Three Persistent Federal Hiring Challenges

The Federal Government has long been known for the time it takes to hire and onboard new employees to fill vacancies. Prior to 2012 hire and onboard time had decreased for several consecutive years.

 The average time to get hired in the United States is just 23 days.

There certainly needs to be controls in the federal hiring process, but the discrepancy between the federal and private sector hiring process is alarming. Many steps in the federal hiring process are arguably unnecessary, other are taking too long. Not only does long time-to-hire metrics make it difficult to quickly fill vacancies, but there are concerns about the quality of applicants who are available over a 3-4 month hiring cycle. There are concerns about the effectiveness of workforce planning and hiring practices to ensure positions are filled well in advance of when issues might occur. Some of the most common challenges faced in the federal hiring process include:

Attrition and Turnover Rates

Several agencies suffer from higher than expected attrition rates. A recent example is the US Border Patrol. With a 2017 mandate that the Department of Homeland Security hire an additional 15,000 law enforcement personnel and support staff, the border patrol has emphasized their struggle in filling those positions. Increased investment in retention and recruitment initiatives has been recommended by congressional committees to help to curb this issue.

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In addition to traditional turnover, some agencies have problems on the other end of the spectrum. Because federal employees are difficult to let go, they frequently stay in positions for decades, making the workforce less agile. Several end up with a workforce not equipped for their current mission, but insufficient funds to hire the staff needed to accomplish their goals.

Slow Processes

One of the reasons workforce planning poses so many challenges and data is limited is that many of these processes are handled using spreadsheets, paper forms, or legacy systems that don’t integrate with others in the agency. Data may be gathered from several sources, and often evaluated in spreadsheets, with minimal or no visualization. This limits the scope of analysis and hinders accessibility to key insights for decision makers. Improved accessibility to key data, combined with additional training to improve in areas, such as staffing, classification and performance management, will directly address this.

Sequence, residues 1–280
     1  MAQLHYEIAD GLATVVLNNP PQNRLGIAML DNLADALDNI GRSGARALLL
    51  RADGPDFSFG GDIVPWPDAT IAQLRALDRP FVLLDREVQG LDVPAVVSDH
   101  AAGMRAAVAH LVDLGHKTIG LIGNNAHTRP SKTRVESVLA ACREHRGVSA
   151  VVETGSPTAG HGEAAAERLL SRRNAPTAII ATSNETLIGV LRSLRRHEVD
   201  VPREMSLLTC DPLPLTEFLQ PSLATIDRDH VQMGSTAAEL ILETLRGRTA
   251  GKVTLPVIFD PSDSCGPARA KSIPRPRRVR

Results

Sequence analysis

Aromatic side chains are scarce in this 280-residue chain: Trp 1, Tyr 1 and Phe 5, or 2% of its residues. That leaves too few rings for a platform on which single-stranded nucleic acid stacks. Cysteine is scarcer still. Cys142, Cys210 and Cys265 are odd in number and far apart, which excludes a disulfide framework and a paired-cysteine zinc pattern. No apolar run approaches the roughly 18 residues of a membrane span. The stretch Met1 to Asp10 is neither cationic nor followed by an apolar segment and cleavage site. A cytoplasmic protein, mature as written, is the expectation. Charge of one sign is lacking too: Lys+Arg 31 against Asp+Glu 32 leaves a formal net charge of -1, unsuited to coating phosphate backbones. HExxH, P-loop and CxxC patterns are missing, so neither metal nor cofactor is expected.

Accurate Workforce Gap Analysis

While short term hiring needs  may not be fully accounted for in a five-year workforce plan, many of the issues faced by federal agencies in hiring can be addressed by having a more quantitative approach to workforce gap analysis. By leveraging tools that analyze employee data at an individual level, HR managers can measure gaps in different scenarios within an agency. This provides far more accurate estimates of future hiring needs. With better insight, hiring managers can take control of their futures and get ahead of upcoming workforce requirements.

HR specialists are then able to move beyond perception-based planning and start taking actions based on quantitative gap measurements related to increases or decreases in attrition rates, a surge in demand, expected brain drain, or the direct impact of new policy scenarios. It can account for the impact of improved performance management programs, retention programs, and a diverse range of factors in the hiring process.

How Workforce Gap Analysis Impacts Planning

Predictive analytics can provide greater insights into an agency HR department’s needs to assess a workforce over the course of five years. For agencies struggling to reduce hiring time, meet staffing requirements and reduce attrition rates, this data is invaluable. Learn more about how technology tools can play a role in this process through better workforce planning on our website and in our eBook, How Federal Agencies Can Leverage Technology Tools for Workforce Planning: